A Brief Look at the GOP Tax Proposed Legislation

Well after months of waiting it has happened – the GOP has presented its legislation to reform and/or reduce income taxes. The new bill entitled “Tax Cuts and Jobs Act” is said to be the most significant rewrite of the tax code since 1986. The attempts to simplify the tax code so that millions of taxpayers may be able to file a postcard size tax return is now facing the grueling process of approval in both the House and Senate. While the final form of the legislation is anyone’s guess at this time, there are some facets of the proposal, effecting individuals, we need to consider.

State income taxes and local property taxes would no longer be tax deductible. So, the state withholding or estimates you pay in 2018 would no longer be considered an itemized deduction.
As a planning tip consider paying enough on your fourth quarter Oklahoma tax estimate in December 2017, to include all or a portion of your 2018 estimated tax, then leave the overpayment on your 2017 return to apply to 2018. Because the tax is deductible in the year paid you can deduct the entire amount on your 2017 return. For 2018 you may use the new standard deduction.

The deduction of medical expenses more than ten (10) percent of your adjusted gross income is to be eliminated – so no deduction for medical, dental or medication expenses.
The deduction of preparation of the tax return and other expenses previously considered “other itemized deduction is eliminated.

The deduction for home interest is limited to the interest on the first $500,000 worth of home loans. Only those with a mortgage in excess of $500,000 will be affected.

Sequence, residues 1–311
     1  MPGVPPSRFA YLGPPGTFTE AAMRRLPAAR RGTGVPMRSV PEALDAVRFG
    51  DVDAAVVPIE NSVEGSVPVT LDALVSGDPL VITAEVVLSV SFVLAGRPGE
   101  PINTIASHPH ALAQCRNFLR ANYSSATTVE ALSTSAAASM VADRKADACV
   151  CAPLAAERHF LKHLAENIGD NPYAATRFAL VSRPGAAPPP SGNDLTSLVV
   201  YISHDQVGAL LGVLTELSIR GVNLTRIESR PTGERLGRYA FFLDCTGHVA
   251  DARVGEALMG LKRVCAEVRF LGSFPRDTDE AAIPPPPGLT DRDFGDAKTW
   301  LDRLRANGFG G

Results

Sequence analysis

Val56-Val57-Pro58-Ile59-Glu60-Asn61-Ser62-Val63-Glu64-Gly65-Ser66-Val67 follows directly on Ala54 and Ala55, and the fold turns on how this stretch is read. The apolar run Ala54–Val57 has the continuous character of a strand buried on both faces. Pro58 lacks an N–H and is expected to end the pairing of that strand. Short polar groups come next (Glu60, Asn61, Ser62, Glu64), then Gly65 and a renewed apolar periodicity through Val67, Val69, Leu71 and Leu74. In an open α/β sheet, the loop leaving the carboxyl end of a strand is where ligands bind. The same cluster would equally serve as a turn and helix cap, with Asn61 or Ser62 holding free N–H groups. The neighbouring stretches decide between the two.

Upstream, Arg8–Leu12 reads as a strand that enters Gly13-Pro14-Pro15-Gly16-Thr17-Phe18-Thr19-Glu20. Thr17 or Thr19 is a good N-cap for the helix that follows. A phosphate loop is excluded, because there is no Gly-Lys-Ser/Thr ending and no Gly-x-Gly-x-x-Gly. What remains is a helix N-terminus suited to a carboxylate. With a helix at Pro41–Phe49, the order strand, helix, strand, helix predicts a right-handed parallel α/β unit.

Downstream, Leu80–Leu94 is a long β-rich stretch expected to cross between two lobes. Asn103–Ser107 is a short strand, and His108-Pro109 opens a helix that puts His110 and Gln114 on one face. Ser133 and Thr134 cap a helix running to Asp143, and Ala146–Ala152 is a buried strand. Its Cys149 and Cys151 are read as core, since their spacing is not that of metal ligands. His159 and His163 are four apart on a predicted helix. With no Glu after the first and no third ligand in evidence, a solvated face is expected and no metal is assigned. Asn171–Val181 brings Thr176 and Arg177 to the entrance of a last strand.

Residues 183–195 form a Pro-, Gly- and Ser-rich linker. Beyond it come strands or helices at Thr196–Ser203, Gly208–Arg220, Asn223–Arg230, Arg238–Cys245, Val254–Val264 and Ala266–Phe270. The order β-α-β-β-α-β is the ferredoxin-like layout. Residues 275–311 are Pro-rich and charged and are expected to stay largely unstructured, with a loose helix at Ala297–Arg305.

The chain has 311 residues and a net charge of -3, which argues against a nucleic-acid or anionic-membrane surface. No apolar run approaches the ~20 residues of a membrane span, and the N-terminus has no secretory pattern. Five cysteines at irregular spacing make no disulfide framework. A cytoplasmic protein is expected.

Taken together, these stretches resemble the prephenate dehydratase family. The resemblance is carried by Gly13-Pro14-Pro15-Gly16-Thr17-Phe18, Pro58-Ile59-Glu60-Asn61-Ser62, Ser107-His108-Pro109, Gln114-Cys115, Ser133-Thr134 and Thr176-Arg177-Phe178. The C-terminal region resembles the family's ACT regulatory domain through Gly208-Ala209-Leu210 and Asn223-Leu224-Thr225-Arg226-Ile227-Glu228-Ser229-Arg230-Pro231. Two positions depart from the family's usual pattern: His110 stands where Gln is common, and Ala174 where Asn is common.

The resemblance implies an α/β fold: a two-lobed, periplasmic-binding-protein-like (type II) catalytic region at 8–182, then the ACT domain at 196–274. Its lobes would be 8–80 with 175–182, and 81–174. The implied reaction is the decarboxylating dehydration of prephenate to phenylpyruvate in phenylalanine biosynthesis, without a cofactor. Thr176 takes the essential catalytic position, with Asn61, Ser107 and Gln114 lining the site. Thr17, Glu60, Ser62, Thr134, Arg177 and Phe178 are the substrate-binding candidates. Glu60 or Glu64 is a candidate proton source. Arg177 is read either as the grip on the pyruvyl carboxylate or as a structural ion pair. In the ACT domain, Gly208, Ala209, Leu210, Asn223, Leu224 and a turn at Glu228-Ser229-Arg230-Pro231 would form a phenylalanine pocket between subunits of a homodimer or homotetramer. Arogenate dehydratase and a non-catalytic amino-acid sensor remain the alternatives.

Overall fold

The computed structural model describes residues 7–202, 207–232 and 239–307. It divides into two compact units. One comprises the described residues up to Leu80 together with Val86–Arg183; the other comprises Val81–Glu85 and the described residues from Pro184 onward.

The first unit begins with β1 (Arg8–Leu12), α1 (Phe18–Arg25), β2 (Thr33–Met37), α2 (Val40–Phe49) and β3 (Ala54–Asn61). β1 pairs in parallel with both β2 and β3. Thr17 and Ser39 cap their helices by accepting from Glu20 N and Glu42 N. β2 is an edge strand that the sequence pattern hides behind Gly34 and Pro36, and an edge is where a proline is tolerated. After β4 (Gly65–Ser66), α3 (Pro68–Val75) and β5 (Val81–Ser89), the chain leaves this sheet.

The standard deduction will double from $6,350 to $12,000 for individuals and from $12,700 to $24,000 for married couples. With the loss or reduction in all itemized deductions except charitable contributions, many taxpayers will now benefit more by using the standard deduction.
There are also rate reductions and elimination of the AMT (sure to be a winner with tax preparers who all dread the AMT computation).

The ultimate elimination of the estate tax will benefit those with assets greater than the current $5.49 million exemption per person. The estate tax exemption is to be phased out with annual increases until 2024 when it will go away.

The debate about the cost and benefits of the act is forming along partisan lines, making it difficult to know what is reality and what is hyperbole. For now, we can monitor the antics on the nightly news or have a cold drink instead. The Congressional talking heads will drop the typical clichés and bore us all with his/her justifications on either side of the issues until we are as frustrated as the last time we had “meaningful” tax reform.

One thing you should all do is communicate with your tax preparer – he/she will be busy this year.
We invite your questions or comments